In response, Dell is focusing on building out on prem private cloud and HPC deployments using hyperconverged infrastructure (HCI) with emphasis on storage, EMC’s traditional strength. Dell is also promoting its “on demand” pay-as-you-go private infrastructure financing plan.
HPE highlighted its new HPE Container Platform, a software platform leveraging its acquisitions of BlueData and MapR. HPE Container Platform is designed to enable app developers to develop and deploy containerized apps on bare metal or virtual machines at any public cloud and in private edge infrastructure.
HPE grew its HPC business over the past year, mostly based on its acquisition of SGI three years ago. HPE also grew its Composable Cloud and HCI businesses, and intends to keep expanding its HPC business, having recently acquired Cray.
Lenovo’s Data Center Group (DCG) highlight was continuing to narrow its losses after nine consecutive down quarters. Lenovo DCG overall revenue declined about 14% due to “softness in demand from some of the largest hyperscale customers”. However, DCG non-cloud revenue was up 13%, which highlights the magnitude of DCG’s earlier cloud sales, with non-cloud revenue in China up almost 50%. Lenovo is also focusing on HPC and flexible private cloud deployments.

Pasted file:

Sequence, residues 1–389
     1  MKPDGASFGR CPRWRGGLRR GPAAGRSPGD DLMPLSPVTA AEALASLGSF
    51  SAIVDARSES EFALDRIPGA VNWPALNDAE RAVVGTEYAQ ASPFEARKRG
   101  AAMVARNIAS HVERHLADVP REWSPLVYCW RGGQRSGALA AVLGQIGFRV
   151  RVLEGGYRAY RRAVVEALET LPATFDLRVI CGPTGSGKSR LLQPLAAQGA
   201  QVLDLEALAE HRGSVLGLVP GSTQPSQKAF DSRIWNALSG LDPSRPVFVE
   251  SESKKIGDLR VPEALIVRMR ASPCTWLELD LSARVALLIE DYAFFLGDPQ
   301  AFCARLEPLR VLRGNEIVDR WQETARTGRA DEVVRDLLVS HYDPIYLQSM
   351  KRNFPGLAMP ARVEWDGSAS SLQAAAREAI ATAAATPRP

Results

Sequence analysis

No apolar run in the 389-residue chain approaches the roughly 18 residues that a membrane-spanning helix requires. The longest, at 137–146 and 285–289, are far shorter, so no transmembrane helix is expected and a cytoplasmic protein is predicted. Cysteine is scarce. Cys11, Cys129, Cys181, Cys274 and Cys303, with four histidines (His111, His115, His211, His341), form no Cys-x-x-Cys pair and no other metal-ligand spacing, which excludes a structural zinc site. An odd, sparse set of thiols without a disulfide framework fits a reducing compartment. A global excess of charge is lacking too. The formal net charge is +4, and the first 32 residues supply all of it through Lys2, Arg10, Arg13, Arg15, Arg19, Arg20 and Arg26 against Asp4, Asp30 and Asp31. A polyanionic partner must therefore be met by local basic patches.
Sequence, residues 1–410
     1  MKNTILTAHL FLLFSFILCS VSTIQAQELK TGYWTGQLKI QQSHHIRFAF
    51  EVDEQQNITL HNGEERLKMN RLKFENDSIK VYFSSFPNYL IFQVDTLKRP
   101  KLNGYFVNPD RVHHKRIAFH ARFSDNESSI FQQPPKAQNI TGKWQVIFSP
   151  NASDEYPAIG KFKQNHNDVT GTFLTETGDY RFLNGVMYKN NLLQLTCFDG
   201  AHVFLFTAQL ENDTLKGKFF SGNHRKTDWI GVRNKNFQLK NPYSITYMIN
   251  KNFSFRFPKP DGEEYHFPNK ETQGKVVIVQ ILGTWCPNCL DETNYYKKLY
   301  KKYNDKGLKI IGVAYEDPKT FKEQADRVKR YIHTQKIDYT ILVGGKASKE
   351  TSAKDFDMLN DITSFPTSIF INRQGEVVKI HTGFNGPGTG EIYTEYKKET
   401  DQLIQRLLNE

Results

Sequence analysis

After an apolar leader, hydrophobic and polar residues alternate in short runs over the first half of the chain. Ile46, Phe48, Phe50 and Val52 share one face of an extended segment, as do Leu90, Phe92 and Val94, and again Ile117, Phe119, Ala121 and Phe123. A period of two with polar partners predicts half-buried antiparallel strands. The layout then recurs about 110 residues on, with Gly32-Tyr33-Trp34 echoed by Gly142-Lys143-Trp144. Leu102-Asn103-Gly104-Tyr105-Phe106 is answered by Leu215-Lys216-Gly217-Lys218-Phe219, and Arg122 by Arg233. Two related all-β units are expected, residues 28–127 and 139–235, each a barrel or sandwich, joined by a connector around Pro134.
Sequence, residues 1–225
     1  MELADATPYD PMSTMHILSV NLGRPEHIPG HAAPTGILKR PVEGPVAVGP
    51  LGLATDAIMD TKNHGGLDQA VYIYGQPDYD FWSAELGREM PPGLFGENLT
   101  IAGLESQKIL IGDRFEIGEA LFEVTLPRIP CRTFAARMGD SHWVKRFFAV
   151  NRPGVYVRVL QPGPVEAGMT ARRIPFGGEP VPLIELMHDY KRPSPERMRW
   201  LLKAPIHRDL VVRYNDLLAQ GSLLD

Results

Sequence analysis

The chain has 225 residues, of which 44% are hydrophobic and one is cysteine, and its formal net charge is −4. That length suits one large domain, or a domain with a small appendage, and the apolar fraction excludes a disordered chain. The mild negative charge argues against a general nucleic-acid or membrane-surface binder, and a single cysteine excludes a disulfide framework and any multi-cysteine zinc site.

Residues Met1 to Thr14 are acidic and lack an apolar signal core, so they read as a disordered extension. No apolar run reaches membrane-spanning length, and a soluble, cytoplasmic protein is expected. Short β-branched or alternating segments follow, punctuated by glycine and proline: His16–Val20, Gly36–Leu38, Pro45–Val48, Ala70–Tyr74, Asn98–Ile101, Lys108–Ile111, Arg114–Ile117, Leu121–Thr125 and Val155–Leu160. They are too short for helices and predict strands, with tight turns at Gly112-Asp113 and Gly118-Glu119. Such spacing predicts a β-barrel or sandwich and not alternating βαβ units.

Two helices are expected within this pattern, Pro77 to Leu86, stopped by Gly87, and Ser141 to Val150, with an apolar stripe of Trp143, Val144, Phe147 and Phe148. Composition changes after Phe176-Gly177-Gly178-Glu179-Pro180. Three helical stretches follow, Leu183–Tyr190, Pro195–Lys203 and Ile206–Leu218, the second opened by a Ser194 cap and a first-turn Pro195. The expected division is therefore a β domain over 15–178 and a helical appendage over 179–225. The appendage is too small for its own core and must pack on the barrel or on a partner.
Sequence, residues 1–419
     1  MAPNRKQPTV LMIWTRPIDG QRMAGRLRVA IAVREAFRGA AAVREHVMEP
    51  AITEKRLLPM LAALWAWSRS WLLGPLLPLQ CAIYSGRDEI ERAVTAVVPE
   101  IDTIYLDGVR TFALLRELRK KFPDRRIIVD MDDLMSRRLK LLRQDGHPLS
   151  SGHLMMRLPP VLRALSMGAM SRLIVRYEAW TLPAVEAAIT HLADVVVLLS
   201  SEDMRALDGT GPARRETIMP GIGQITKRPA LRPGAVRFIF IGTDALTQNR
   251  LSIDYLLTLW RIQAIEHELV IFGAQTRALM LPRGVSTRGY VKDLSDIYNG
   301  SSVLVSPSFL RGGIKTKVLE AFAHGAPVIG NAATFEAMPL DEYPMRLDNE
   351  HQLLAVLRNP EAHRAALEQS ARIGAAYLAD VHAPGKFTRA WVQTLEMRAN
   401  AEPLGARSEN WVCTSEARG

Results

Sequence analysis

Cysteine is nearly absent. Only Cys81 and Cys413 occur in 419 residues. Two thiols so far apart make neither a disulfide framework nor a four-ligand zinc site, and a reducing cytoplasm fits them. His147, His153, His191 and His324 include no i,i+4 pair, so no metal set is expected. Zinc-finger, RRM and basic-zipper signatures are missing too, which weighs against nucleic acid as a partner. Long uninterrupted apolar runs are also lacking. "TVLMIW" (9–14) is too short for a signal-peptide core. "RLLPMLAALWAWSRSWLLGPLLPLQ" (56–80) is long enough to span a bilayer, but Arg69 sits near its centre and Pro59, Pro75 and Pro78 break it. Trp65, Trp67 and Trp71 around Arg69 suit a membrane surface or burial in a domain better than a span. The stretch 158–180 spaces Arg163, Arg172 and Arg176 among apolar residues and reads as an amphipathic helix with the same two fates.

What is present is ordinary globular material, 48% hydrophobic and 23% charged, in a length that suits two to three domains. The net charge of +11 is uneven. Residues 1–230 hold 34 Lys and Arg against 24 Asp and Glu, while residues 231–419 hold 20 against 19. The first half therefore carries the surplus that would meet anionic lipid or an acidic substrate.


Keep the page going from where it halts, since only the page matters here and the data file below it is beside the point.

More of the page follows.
Dell, HPE and Lenovo are all moving up-market into HPC and on prem AI training and inferencing deployments. They are all focused on software-defined infrastructure and HCI hardware. As public clouds become more viable options for mainstream and high-performance applications, pressure to move faster into the high-end of the market will continue. All of which reminds us of the minicomputer market in the 1980s as modern server architectures buried that market. We do not think future cloud growth will drive branded server sales in a meaningful way. As Tencent said, their buying habits have shifted to ODMs.
NVIDIA reported in Q3 that its overall enterprise revenue was down year-over-year, while cloud revenue grew year-over-year. The clouds give NVIDIA three areas of growth:
- Internal cloud services for AI training,
- Internal cloud services for AI inferencing, where conversational AI is a major driver for NVIDIA, and
- Public cloud services for AI, which is mostly start-ups at this stage of the industry.
NVIDIA said that for the first time it shipped more of its Tesla T4 chips than its V100 chips. Tesla V100 chips are primarily used for training, while T4 chips are primarily used for inference, primarily for conversational AI. NVIDIA’s inferencing business doubled year-over-year.
Our Liftr Cloud Components Tracker will continue to track NVIDIA GPU deployments at the largest public clouds, including changes to cloud customers’ mix of new NVIDIA GPU chip deployments.
NVIDIA also highlighted extending its partnership with VMware to include Red Hat OpenShift. NVIDIA’s goal is to create a telco-ready enterprise stack that encompasses both VM and container deployment, and it is a different route than VMware is taking internally with Tanzu. VMware is trying not to be perceived as only a VM deployment company. However, with so many open source container delivery and orchestration solutions emerging, it is hard to see how VMware can differentiate for very long in that market.